This entry was posted in Appalachian Trail, Bowie & D.O.G., Hiking!, New Mexico, Photography, Road tripping!, Vagabonding 101 and tagged , , . Bookmark the permalink.

23 Responses to Finding D.O.G.

  1. Beautiful story!!! D.O.G. was a gift to you–and you a gift to him. Definitely meant to be. No coincidences or “luck” about it! 😀 I’m so happy for all of you!


  2. roadrunnersdiary says:

    Your story is touching and beautiful, thanks so much for sharing it here.

  3. wander1965 says:

    Spirits come to us when we need them to it seems. And some of them hang around. I met one in human form while wandering near Crestone, CO. Even took a photo of him. Though it seems the experience was just for me and just for that day. I’m glad D.O.G. has become more permanent in your lives.

  4. Barneysday says:

    An incredibly great and compassionate story. Thanks for sharing it.

  5. Lavinia Ross says:

    There you are! I wondered where you had gone off to. The story of D.O.G. is my favorite one from all your travels. He was meant to be your dog.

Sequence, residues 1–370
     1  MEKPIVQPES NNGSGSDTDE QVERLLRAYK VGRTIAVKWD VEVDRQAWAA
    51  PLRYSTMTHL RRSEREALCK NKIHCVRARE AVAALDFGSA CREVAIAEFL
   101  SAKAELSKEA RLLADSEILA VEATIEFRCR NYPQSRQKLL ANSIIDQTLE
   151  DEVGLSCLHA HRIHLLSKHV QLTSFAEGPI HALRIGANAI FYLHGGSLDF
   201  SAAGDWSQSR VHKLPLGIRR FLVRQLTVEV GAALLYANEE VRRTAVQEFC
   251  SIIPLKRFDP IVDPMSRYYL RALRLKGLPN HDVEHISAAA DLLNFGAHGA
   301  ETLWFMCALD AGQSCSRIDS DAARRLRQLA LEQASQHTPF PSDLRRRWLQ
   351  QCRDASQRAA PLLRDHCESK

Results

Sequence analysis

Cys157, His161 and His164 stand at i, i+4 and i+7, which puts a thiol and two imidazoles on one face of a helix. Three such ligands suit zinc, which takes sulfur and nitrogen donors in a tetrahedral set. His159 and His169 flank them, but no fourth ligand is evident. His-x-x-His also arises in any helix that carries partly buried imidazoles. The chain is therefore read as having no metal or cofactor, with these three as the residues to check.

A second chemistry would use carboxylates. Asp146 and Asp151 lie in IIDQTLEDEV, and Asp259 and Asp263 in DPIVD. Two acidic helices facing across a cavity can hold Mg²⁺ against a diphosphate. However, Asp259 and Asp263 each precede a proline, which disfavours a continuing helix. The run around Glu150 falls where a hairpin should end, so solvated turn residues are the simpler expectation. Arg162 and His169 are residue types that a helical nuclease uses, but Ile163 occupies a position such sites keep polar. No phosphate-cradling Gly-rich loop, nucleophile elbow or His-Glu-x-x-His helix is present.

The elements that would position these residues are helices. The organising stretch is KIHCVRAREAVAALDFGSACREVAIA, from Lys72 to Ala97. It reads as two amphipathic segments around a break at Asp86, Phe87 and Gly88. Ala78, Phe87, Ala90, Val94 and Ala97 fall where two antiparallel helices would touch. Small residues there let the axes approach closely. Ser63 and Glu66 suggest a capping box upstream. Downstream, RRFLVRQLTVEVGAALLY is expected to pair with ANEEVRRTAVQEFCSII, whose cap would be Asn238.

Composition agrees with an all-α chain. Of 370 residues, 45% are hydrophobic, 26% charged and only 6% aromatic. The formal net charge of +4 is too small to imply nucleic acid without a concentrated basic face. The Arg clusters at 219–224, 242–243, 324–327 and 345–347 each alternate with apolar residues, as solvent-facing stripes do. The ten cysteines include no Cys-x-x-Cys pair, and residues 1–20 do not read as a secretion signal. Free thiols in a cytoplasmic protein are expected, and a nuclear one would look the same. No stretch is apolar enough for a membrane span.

6. ritaroberts says:

    Yes I have been following you with your dogs Mary but I did not know how D O G was found. What an incredible story, and I agree you were meant to find him and the bond with you Bowie and D O G is so touching.

  7. seeinsilver says:

    Love you post and dog photos – hope to cross paths in a couple years when I set myself free!

  8. Jardin says:

    Brilliant – lovely story. I found my dog through serendipity too – may you have many more happy times together.

  9. klbexplores says:

    What a beautiful story of shared love. Sometimes the most wonderful things happen which when we look back have become come defining moments in our lives. Happy travels to you three as you go down your path.

  10. I echo Lavinia’s comment — I never tire of hearing about D.O.G.’s picking you and Bowie as his forever family… it was fate, and I am sure you’re both the better for it.